If you've got a thousand people using your key business applications and you make those people 1% more productive through an IT architecture change, what have you achieved?
The actual number will, of course, vary with respect to what those people do and what margins you make, but we can adopt a handy convention from the way the national accounts people handle government, and guestimate output value as input cost - meaning that if the average all-in cost per FTE is $60,000, your 1% change for a thousand people will be worth $600,000 a year or six million bucks in present value terms at 10%.
Look at the factors that inhibit productivity for effective, fully implemented, business applications across numerous organizations and you'll discover that the number one productivity killer is a degenerative disease I call "usage habituation" - and anything you can do to reverse it, will improve productivity across the enterprise.
Usage habituation is a phenomenon that sets in after the initial training and adaptation stage in business application deployment. What seems to happen is simply that people choose to use what works - for them - and, in that process, are implicitly choosing not to use both what they genuinely don't know and what didn't seem to work according to their, or a co-worker's, expectations the one time they tried it.
In other words the system users actually use starts out a bit after the initial post deployment experimentation phase as some subset of the actual system - and then that subset shrinks as as early users habituate to the processes they're most comfortable with and new users reduce that subset further with every generation.
Upgrades suffer the same fate: new ways of doing things get modified by reference to the known, business change erodes, and new staff get further and further from the knowledge base theoretically transferred during pre-deployment training.
So what can you do? Annual refreshers help, so does sending people to user conferences for your application - but what you really need to do: getting people to experiment with using the system on their own, is hugely inhibited by the typical PC based approach to desktop access.
You'd think it wouldn't matter - but it does. In fact the one thing that drives the downward spiral characterizing user habituation faster than all others combined is the PC -because users don't naturally trust it and develop, instead, group responses to inconsistent problems that transcend, both in severity and duration, the problems themselves. Thus you can usually track down and fix specific problems causing client crashes, but if that takes a few days the work-around is apt to become user folk wisdom - perpetuated through every subsequent generation of the software.
Track the roots of that phenomenon down and what I think you'll see in the general case is that the thing that both kills user driven innovation and pushes the downward spiral along fastest isn't really the PC, but the typical organizational approach to the help desk.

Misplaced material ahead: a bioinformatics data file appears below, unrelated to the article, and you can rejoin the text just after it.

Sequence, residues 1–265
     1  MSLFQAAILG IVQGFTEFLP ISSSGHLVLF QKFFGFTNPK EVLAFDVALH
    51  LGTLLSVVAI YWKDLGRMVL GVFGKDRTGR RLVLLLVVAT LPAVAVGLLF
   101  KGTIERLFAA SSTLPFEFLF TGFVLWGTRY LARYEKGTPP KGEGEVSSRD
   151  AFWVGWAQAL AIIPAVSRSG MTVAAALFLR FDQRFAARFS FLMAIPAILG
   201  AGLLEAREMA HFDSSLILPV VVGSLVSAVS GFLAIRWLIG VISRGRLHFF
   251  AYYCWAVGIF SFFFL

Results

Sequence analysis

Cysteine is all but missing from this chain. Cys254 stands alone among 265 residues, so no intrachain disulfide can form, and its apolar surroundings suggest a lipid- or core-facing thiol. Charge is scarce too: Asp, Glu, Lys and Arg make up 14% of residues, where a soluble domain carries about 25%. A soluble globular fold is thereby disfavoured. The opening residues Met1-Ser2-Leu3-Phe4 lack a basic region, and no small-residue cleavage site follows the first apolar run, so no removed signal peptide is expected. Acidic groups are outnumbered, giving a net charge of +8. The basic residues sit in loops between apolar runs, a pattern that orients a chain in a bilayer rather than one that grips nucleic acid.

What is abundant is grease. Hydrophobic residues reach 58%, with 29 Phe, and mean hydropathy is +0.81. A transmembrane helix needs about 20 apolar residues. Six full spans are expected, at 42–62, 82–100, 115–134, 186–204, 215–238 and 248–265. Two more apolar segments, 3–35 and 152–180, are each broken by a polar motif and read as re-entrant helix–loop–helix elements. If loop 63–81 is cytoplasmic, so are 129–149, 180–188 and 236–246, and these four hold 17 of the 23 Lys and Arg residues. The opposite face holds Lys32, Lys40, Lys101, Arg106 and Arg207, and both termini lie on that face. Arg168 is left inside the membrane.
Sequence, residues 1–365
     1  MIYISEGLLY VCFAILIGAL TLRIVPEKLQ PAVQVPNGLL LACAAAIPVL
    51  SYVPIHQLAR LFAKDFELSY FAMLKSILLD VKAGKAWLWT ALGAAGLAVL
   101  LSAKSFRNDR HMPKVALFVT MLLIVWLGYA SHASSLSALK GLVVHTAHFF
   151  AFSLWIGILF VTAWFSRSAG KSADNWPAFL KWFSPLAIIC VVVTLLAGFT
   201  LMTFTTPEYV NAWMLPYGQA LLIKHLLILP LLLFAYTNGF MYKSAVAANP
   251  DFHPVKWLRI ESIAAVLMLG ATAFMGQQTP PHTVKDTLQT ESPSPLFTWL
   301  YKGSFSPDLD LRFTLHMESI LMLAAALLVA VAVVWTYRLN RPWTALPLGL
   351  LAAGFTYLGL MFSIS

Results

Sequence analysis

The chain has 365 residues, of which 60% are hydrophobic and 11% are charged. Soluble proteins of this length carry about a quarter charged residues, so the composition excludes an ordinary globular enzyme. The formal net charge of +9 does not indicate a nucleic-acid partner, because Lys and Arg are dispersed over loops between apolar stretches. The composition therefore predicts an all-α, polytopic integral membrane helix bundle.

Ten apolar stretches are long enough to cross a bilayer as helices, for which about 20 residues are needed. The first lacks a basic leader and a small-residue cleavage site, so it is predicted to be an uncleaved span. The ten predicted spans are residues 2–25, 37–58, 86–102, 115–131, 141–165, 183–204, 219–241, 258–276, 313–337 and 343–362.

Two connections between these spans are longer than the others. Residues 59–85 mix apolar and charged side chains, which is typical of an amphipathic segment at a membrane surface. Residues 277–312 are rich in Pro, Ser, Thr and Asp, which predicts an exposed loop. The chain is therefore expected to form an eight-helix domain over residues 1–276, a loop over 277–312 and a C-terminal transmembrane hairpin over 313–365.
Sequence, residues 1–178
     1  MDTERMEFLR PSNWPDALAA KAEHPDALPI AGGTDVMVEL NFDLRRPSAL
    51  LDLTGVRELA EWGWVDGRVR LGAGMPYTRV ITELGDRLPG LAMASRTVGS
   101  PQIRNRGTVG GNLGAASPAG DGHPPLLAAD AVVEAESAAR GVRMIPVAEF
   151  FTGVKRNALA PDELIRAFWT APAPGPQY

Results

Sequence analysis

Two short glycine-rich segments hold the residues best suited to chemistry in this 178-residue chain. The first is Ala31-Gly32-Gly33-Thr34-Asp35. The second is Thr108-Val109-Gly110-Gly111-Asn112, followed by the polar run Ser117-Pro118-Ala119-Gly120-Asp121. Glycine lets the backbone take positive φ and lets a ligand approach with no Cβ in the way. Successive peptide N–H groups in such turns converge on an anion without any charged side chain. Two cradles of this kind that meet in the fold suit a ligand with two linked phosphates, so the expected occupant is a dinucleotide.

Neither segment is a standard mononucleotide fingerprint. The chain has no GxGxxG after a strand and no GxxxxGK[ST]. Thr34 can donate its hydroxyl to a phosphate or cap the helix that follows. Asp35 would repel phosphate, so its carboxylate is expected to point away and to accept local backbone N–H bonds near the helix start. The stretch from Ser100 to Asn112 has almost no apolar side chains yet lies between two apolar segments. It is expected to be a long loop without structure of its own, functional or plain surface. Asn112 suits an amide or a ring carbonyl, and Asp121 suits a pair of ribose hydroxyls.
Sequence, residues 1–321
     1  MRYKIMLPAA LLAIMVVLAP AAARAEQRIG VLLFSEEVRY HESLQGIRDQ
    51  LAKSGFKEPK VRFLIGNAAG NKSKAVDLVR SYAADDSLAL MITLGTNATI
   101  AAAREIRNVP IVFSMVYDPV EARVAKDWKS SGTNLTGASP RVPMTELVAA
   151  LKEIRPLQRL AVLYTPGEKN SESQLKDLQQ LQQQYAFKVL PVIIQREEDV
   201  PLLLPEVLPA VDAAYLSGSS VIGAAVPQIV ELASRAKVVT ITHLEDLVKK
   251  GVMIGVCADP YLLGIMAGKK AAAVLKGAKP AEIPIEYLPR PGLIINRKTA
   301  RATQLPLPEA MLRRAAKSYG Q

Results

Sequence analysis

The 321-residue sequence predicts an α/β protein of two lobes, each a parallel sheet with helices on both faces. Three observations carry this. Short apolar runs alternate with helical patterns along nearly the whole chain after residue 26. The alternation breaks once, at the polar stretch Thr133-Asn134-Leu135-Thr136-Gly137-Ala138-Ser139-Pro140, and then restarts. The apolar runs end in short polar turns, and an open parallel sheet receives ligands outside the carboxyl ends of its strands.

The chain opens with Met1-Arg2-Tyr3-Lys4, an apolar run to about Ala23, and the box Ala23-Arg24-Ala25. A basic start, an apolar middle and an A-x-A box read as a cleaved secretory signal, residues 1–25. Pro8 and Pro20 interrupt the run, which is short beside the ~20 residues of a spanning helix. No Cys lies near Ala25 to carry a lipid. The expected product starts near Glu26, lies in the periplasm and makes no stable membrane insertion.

That approach evolved, of course, in response to the PC and the drive to control centralization needed to contain its costs - you need a central help desk to deal with simple user queries and the entire reboot, reload, or replace cycle and, once you've got that, having help desk staff field the initial user help requests with respect to key applications is almost unavoidable.
Unfortunately a help desk staffer on the phone with a user claiming to see a flashing red "82IS01 No Key" error message is going to tell that user to reboot before considering what the user might actually have wanted to do before triggering the crash.
Since users don't like calling the help desk - in part because the helpers have to focus on the PC rather than the application - the result is that users learn not to experiment with the system. They learn, in other words to stick to a diminishing set of what they know works -and to erase error tracks by rebooting before facing up to the need to call the help desk.
Now imagine, however, that you replace those PCs with Sun Rays - realizing that no PCs means no PC help desk, get rid it too. How does this change the picture?
Well, the users still need usage help - but with the PC out of the way it's obvious that user problems can only be either usage problems or application problems. To deal with those you assign key users as lead users and they take over application help within their own groups. They know the people, they know the job, they know the application: they're naturals in the role and have no problem either in infecting new users with their own enthusiasm for the application or calling an application error an application error when they see one - something they could not do with PC clients where even IT experts often can't tell server, network, or client failures from application failures without considerable effort.
With Sun Rays users experience no cost to failure, so they can act on their motivation to learn - to be the best: meaning that freeing them to learn by experimentation creates exactly the class of super-users the organization needs to succeed with the software.
And that's the bottom line, because getting rid of the PC reduces ambiguity in the system, thereby letting you eliminate the help desk and thus lowers your IT costs while getting rid of the biggest impediments to getting productivity gains from the money your organization implementing the application.